Pass By, Hedwige Jacobs



A Critique of Racial Inequality in Shakespeare’s TITUS ANDRONICUS

By Aditi Parikh: Shakespeare’s Titus Andronicus, a tragedy likely written in late 1593 and set in ancient Rome, is a meditation on early modern race relations that still resonates today.


By Thomas J. Sojka: The 2020s have arrived, bringing sensational headlines on the state of the global economy that anticipate “another Roaring Twenties” or condemn the comparison as “absurd.” 

Letting Your “DNA Show You the Way”: Selling the Politics of Genetics and the Business of Race

By Adrienne Sockwell: As a historian, and as a person interested in most narratives of the past, I realize the unique value of as a research tool …

Måneskin: Italian Rockers on a Journey for Global Human Connection

By Carly Lewis: “Rock and Roll Never Dies!” From buskers on La Via del Corso to Eurovision winners, Måneskin shows what it means to earn a growing global platform and use it well…

Seeing Ecocatastrophe: Environmentalism and the Aesthetics of Climate Change

By Megan Cole: It’s a truism for Octavia Butler fans: the postapocalyptic California landscape of her landmark Parable of the Sower (1993) is nearly indistinguishable from contemporary reality.

The Soothing Aesthetics of the Supermarket

By Rebecca Lipperini: I love the supermarket — fiercely, obsessively, weirdly. I go to the supermarket when I feel overwhelmed. And it turns out I’m not alone.


A Personal Transcript from the Samuel Oschin Planetarium Showing: OCEANS OF GRAVITY

By Noelle Marie Falcis: Space is a concept that most can never understand; Autumn and I, we know it well. We tussled with it floating upon the endless sea …


By Nicole Harkin: The front yard of the house we bought in Lebanon, Illinois, needed a lot of work. The driveway wasn’t quite level. Every weekend for a month, Ed dug into the earth …

Failure of Trees

By Penina Eilberg-Schwartz: It’s strange to have the idea on the boat where there are no books, no letters — only water and the different kinds of light in it.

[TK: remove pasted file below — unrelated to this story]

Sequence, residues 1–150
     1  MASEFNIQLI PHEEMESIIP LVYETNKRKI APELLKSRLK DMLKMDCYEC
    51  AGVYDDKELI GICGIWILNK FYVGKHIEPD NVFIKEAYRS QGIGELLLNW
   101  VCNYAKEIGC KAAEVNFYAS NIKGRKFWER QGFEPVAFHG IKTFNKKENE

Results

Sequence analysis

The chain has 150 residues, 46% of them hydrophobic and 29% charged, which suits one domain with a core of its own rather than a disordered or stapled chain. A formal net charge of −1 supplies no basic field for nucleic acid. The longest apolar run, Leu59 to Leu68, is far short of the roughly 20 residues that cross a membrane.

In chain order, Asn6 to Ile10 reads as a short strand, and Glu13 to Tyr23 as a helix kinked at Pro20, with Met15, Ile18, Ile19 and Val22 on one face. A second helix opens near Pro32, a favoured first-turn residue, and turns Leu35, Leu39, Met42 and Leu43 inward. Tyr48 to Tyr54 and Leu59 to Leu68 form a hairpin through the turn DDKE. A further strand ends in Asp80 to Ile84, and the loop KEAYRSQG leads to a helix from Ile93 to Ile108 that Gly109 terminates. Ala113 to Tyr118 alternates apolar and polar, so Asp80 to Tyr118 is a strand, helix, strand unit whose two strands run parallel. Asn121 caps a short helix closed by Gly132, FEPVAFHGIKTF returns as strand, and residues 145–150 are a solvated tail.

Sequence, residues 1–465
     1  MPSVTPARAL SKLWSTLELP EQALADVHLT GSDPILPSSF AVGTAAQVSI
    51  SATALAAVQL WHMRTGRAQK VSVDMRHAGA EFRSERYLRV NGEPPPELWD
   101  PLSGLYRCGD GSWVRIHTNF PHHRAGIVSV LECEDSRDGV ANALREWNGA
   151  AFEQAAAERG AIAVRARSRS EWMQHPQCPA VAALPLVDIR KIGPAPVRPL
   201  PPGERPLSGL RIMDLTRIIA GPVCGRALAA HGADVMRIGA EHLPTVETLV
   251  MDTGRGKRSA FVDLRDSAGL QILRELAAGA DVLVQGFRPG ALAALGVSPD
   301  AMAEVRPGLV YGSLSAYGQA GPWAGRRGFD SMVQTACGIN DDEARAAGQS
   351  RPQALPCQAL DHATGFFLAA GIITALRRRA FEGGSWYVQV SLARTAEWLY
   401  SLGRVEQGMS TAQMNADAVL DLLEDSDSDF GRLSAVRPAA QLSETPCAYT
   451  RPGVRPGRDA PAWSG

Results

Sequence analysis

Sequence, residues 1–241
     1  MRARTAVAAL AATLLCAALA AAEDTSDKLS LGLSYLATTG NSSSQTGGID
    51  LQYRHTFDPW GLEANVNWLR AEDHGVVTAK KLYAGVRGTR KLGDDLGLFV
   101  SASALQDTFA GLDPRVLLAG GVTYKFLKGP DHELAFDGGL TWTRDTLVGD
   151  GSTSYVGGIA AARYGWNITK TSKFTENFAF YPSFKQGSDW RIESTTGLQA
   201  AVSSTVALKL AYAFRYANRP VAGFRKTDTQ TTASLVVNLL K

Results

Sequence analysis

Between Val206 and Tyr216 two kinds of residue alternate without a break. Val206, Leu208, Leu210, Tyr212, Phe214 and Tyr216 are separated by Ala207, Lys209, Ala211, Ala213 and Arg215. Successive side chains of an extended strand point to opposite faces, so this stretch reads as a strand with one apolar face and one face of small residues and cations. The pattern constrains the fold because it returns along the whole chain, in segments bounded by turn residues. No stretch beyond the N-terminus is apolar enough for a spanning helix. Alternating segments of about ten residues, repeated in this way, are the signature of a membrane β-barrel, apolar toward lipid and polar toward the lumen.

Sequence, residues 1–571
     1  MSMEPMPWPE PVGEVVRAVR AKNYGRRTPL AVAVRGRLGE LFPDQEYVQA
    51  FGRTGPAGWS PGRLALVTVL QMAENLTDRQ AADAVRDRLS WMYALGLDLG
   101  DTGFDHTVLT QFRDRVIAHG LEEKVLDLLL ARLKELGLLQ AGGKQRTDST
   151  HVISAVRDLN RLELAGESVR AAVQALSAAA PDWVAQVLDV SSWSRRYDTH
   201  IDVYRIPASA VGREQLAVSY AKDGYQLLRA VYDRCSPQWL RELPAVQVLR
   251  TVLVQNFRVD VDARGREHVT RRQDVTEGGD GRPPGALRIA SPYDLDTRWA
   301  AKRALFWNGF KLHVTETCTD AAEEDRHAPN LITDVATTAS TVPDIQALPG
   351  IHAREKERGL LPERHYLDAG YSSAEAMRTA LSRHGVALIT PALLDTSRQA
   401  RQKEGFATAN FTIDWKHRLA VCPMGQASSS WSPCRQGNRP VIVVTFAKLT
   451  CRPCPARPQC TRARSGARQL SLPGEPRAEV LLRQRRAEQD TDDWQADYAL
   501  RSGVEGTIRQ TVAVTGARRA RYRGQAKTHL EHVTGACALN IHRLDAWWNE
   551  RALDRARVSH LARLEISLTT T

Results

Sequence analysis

Growing Pains

By Isabelle Rubio: Mom and Dad knocked briefly and rushed into my room. Half-asleep, I dug one foot, then the other, into the carpet. It was a bit too early to wake up for school …

Some Sort of Hostage Situation

By Stefanie Doucette: Like most Tuesdays, we spend the night out at our favorite Divisadero Street dive bar, swapping dirty stories for fun over $3 sake bombs.

The Stone

By Ben Libman: At the top of the hill whose slope is bisected by the Living Stone, there lies a ruined castle that once belonged to a lineage of dukes.

The Unseen Nature of Learning

By Alec Sandoval: It’s always difficult to see them when I log on to teach class. Crammed into a small room with one laptop, two of the five students are off-screen. Because I am unable to see all of them, I say each student’s name aloud to ensure they are present …

Who Is Zooming Who? Rituals of Shame in the White Academic Institution

By Chiseche Salome Mibenge: An elite white academic institution in California has convened a virtual workshop on diversity, equity, and inclusion (DEI) for a cohort of humanities faculty.

You Stinker

By Claire Dee: There were plenty of kids we made fun of in high school — the girl with the face tattoo; the foreign exchange student from Wales; Male Leslie — but Anna was different. Nothing ever fazed her.


A Tzintzún (Hummingbird) Emerging

By Mario A. Gómez-Zamora: I don’t really know who chose who. / I just stopped holding my heart’s emotions and / then, when I was about to die, / you appeared!


By Bre (Nyx) Byrd: We all begin, cradled in the water. The storm of our mother’s womb, we, torrential in our desire to be known and know the world, initially seek out of the water…


By Leonardo Gil Gómez: It might have been the cold or the urge to be alone. / I couldn’t take it any longer. / I hunkered down in the corner …

every girl like the last day of summer

By Kendall Moore: Don’t marry the one you are most passionately in love with because the highs are high, but the lows — / my mother once said to me

Going Out

By Rebecca Chhay: I went out today / for the first time / in a while. // I thought about wearing / my new black dress

Rapid Transit

By Rebecca Samuelson: Strangers packed in love seats / dull metal bars covered in stolen / lives to grip overhead

Saturday’s Haze

By Lindsey Pannor: Texas Chocolate / double butter-stick / sheet cake / with pistachios (& big flats of salt)


By Alyssa Ranola: Walking in the park at 12 on a Sunday, watching / the trees and people writhing / how could they have risen / so early?

Talking to My Mother While She’s in Chemo

By Jessica Doble: Don’t tell me about the osprey in Louisiana. / Tell me something square instead.

The Princess Writes by Candlelight

By nanya jhingran: night falls on the lodge slowly / then all at once / in a gradual shock the crows / feathered loneliness